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Are Hydrogen Embrittlement Fractures Always Intergranular?

Are Hydrogen Embrittlement Fractures Always Intergranular?

Are Hydrogen Embrittlement Fractures Always Intergranular?

(OP)
I came across a claim during literature review for a failure that "HE failures are ALWAYS intergranular". I want to know what you think.

Specifics to the situation I am working with: I have fractured CrMoV high-strength martensitic steel fasteners that exhibit quasi-cleavage fracture. Can this morphology form under hydrogen damage?

RE: Are Hydrogen Embrittlement Fractures Always Intergranular?

Quote (mrfailure)

I came across a claim during literature review for a failure that "HE failures are ALWAYS intergranular"

With untempered martensite it can be pretty hard to tell by optical metallography. In the practical business of failure analysis I don't think this level of science is essential.
If factors required for EAC are all present - tensile stress, susceptible material, and environment (bad actor + temperature) then it is safe to presume HE mechanism, if other possible mechanisms have been eliminated from consideration.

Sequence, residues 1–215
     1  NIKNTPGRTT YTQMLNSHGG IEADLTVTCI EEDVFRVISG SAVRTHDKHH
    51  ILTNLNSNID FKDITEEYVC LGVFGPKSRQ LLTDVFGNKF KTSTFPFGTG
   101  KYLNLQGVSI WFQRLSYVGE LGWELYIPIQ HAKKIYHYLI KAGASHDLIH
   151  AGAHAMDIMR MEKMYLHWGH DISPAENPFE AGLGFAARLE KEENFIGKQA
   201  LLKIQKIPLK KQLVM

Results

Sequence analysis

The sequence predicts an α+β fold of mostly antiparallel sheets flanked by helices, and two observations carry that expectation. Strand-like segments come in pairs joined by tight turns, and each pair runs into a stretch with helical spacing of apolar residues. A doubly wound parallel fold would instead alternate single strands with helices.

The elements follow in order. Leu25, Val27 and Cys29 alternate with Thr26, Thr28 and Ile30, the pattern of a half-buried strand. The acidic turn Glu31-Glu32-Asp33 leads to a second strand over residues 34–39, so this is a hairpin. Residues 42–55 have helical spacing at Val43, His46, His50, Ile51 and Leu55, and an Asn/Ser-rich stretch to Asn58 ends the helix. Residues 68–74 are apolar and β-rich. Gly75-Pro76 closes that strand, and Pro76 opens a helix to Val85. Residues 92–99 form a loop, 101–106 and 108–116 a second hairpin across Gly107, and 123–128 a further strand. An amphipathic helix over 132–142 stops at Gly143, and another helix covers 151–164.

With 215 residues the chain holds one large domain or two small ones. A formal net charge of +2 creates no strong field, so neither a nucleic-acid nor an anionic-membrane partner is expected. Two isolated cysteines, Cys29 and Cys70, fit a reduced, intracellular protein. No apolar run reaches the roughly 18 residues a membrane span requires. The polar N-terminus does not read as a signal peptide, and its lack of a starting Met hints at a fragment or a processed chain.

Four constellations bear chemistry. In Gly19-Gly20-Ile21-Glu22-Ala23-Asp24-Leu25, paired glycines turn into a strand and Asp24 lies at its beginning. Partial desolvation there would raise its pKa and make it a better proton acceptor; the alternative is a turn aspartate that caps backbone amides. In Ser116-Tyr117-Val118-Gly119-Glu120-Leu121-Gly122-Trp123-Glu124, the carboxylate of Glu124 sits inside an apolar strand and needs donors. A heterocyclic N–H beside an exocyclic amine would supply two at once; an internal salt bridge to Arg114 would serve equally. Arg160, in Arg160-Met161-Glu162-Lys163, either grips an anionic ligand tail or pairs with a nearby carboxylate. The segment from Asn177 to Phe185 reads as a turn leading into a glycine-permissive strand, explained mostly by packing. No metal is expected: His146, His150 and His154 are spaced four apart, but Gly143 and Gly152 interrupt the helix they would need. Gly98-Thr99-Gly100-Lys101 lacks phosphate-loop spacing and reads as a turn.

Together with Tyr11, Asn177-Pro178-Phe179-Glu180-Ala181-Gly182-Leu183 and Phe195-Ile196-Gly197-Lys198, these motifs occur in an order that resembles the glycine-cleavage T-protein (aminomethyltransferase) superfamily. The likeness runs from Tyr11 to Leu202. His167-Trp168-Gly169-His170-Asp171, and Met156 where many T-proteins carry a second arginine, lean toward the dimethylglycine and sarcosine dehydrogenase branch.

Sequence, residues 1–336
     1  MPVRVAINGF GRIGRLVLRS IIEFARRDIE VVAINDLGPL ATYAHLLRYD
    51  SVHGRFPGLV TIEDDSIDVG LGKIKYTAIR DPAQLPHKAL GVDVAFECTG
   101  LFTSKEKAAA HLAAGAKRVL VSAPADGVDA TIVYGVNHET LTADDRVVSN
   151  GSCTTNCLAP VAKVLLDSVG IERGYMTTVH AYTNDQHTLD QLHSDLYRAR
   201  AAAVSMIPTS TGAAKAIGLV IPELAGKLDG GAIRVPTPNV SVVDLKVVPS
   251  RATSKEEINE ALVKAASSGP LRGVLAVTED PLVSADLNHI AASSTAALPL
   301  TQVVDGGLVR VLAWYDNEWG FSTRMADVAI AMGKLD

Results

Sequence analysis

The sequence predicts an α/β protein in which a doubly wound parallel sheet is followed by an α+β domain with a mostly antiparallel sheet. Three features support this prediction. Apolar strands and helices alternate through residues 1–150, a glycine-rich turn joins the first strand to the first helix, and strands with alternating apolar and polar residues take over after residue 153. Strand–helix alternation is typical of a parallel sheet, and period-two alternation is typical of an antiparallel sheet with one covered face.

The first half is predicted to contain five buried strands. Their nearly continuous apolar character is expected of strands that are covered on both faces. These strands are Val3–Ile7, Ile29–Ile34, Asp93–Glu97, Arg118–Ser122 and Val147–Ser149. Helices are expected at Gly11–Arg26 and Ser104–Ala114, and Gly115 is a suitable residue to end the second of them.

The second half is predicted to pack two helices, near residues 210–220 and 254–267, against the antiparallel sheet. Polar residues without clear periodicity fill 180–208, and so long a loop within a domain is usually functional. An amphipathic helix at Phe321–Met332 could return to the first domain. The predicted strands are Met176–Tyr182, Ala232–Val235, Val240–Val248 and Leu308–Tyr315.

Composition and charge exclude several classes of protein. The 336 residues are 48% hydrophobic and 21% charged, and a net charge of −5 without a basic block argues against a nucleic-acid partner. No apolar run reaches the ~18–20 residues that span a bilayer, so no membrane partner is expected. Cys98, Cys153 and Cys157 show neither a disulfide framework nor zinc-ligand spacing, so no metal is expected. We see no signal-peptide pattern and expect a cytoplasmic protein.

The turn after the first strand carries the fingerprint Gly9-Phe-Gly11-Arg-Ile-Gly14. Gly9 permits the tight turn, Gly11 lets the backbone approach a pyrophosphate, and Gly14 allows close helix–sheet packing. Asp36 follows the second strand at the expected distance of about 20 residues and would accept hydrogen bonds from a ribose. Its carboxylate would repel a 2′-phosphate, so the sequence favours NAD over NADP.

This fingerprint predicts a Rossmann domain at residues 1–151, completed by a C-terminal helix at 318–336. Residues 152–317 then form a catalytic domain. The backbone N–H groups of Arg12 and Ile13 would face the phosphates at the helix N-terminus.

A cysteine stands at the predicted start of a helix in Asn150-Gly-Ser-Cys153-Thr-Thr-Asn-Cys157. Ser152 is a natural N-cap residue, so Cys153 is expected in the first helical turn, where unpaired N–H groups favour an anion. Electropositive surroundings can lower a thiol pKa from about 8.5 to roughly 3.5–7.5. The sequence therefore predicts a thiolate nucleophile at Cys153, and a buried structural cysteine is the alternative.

Certainly 'CrMoV high-strength martensitic steel' and 'fasteners' are among the usual suspects...

"Everyone is entitled to their own opinions, but they are not entitled to their own facts."

RE: Are Hydrogen Embrittlement Fractures Always Intergranular?

(OP)
Thanks IM. Conditions appear to be right. I'm still looking into the environment to confirm HE could be induced. One question I am currently chasing down is whether the hydrogen could have been introduced from the thread lube. SEM/EDS suggests a carbon-based oil or grease containing aluminum and calcium.

RE: Are Hydrogen Embrittlement Fractures Always Intergranular?

The initial fracture may be intergranular, but once it begins to propagate all bets are off.
You see this is SS with CSCC, mixed mode is very common.

= = = = = = = = = = = = = = = = = = = =
P.E. Metallurgy, consulting work welcomed

RE: Are Hydrogen Embrittlement Fractures Always Intergranular?

I agree with ironic metallurgist: it can be very hard to tell with martensite, especially. Another option is to try ASTM F1624 testing using the actual material. It takes a sub-size specimen and determines the threshold for hydrogen embrittlement.

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